Leo Bruno looks out across the calm waters of Battle River and quietly prays to Kakisimo, the Creator.
It’s a place his whole family would come to water their horses and collect berries, ancestral lands that hold great cultural and spiritual significance to the Cree of Treaty 6.
A connection to the past, that has been kept alive through the resilience of the people but was once nearly destroyed by the dark legacy of Canada’s residential school system.
Bruno’s cree name is Kisikawasis, given to him as a child in his home of Meseekopawk, Samson Cree Nation one of the four nations of Maskwacis in central Alberta, abut an hour’s drive south of Edmonton. The nation encompasses the communities of Louis Bull, Montana, Samson and Ermineskin.
It’s here in his traditional territory, at the site of the former Ermineskin Indian Residential School that Bruno anticipates Pope Francis’ apology for role the Roman Catholic church played in the residential school system.
The Ermineskin Cree Nation school operated from 1895 to 1975 and was one of the largest residential schools in the country.
Bruno was ripped from his family and forced to attend the facility when he was only six years old.
“I was sent to school the very first day of school in 1958, my very first day of school I got into trouble because of my language,” he said.
Like many children of his generation, he remembers being raised in the traditional teachings and language of his people.
“Everything we said and did around the home was in our language, Nihewen. To us, Nihewen was us every day, with what we did, with what we said was in Nihewen,” Bruno adds.
But he would spend the next 12 years at the institution trying to hold onto his culture and tradition.
“It was a direct stark contrast from the very first day of school. I was trying to be respectful looking down and the nun would grab my face and yank it up and say ‘look at me when I talk to you, look at me straight in the eye’ and this is contrary to what I was told by my Elders,’” he said.
Bruno was strapped twice on that first day of school, one of many experiences which changed his life forever.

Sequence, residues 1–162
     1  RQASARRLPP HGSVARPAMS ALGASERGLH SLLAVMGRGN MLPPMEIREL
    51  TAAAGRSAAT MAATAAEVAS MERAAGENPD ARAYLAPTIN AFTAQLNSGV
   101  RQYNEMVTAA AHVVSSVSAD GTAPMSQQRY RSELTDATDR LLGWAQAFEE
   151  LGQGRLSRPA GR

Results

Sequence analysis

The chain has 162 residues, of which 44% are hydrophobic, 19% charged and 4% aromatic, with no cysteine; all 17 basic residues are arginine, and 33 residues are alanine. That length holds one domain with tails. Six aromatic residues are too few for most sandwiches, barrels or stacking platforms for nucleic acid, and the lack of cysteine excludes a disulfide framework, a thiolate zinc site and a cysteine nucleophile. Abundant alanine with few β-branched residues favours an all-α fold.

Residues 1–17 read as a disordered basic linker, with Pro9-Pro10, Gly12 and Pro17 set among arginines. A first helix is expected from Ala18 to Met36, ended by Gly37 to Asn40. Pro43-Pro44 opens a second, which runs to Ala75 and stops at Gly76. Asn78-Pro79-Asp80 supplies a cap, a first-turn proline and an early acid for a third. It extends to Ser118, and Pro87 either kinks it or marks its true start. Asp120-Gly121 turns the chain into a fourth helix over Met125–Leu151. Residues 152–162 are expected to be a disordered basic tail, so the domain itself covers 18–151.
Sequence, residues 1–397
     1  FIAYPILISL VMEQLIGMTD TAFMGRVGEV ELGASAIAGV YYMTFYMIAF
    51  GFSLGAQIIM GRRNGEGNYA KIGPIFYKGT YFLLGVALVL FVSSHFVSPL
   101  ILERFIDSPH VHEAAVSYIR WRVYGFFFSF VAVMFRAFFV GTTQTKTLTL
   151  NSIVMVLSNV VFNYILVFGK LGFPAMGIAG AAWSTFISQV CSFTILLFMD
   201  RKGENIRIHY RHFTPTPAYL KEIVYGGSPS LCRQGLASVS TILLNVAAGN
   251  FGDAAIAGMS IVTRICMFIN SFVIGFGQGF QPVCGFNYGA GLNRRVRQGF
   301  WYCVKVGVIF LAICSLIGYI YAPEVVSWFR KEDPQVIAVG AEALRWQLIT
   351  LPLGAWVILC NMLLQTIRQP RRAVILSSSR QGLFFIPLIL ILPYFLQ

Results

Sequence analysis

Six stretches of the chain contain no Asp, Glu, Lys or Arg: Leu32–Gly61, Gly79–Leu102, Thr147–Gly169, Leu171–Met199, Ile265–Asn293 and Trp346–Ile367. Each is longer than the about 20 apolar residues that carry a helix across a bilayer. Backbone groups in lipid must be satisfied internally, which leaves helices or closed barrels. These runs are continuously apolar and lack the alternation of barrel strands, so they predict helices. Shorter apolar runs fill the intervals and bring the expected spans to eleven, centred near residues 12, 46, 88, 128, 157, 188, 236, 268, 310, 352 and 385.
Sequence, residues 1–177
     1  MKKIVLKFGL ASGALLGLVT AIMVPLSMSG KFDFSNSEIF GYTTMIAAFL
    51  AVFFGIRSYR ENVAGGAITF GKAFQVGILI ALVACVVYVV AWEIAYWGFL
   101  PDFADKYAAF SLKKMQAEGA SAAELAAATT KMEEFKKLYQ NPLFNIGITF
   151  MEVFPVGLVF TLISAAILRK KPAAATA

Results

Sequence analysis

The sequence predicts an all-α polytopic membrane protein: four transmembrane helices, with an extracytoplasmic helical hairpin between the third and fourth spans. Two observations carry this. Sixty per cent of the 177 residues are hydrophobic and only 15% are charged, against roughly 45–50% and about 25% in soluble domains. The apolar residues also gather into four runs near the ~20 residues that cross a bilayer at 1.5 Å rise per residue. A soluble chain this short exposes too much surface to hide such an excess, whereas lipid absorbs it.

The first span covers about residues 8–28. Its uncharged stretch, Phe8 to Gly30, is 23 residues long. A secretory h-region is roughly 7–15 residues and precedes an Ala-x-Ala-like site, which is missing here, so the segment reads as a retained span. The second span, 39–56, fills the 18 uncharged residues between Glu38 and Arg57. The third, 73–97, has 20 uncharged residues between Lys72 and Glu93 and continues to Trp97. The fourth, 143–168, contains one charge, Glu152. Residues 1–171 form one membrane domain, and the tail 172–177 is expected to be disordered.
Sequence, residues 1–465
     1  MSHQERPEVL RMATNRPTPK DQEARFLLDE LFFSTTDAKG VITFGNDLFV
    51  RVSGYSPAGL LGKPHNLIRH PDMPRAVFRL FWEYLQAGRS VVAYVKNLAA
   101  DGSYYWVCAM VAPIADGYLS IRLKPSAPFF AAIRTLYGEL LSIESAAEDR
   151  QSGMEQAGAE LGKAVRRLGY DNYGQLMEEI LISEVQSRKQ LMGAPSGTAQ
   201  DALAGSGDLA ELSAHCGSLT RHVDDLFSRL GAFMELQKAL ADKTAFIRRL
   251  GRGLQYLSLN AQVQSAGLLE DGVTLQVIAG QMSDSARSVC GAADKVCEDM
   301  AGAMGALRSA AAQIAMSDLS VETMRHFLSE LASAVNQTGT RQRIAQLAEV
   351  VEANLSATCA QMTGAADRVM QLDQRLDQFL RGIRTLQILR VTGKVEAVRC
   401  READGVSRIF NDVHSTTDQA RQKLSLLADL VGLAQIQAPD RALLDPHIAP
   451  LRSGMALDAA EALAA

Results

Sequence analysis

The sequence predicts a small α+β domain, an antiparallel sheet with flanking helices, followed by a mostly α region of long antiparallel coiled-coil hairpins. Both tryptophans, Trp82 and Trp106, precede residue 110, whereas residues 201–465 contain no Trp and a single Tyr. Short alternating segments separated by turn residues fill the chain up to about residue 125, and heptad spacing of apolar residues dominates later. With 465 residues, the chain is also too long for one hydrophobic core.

It’s a story that echoes the residential school experience in Canada for generations of former students.
A day before the Pope is set to arrive, Bruno pulls into the school parking lot and waves to his niece Josephine Small, a community pillar with an infectious laugh.
She introduces herself as Kawichi Pimihawimot Iskwew, meaning Flying With The Birds Woman as crowds of journalist swarm to speak with her ahead of the Pope’s historic visit to Maskwacis.
“A lot of people cannot tell their story without getting traumatized. This Pope visit is retraumatizing to a lot of people, and I really didn’t think it would affect me this bad, but it did,” she said holding on to every word in somber reflection.
Small is a day scholar survivor from Ermineskin whose dedicated much of her life to challenging and improving the relationship between Indigenous and non-Indigenous students and educators in schools.
“I came to work in the very school where I suffered the abuse,” she said. “My first teaching job was in Ermineskin Indian Residential School. It still had that colonial mentality, that the white man is here to save the Indian and I fought against that.
Her parents also attended Ermineskin residential school, and the intergenerational trauma Small said is something that’s permeated throughout her family.
“I lost my daughter five years ago and I live with that guilt of not hugging her enough, not loving her the way I should have,” Small said. “Like to this day do I really even know what love is do I even know how to love, I question myself that all the time because I never saw love.”
The widely anticipated papal apology is a second chance at forgiveness for Survivors like Small who plans to have her grandchildren by her side.
But she also realizes that others in the community may not share the same optimism.
“A lot of people are mad in this community because all the sudden they are paving the road. So, what, now we have a good road,” Small said with a sigh. “Maybe Trudeau or the Pope needs to go to a place where the water is undrinkable and then there would be for sure be good water.”
An invitation to the Pope
A path towards forgiveness is something former students like Dr. Wilton Littlechild have been advocating for, for decades.
The plea echoed from thousands of survivors at Canada’s Truth and Reconciliation Commission (TRC).
“My Chief’s name is Mahihgan Pimoteyw, which is Golden Eagle and my residential school name is number 65,” Wilton said from his law firm in Ermineskin.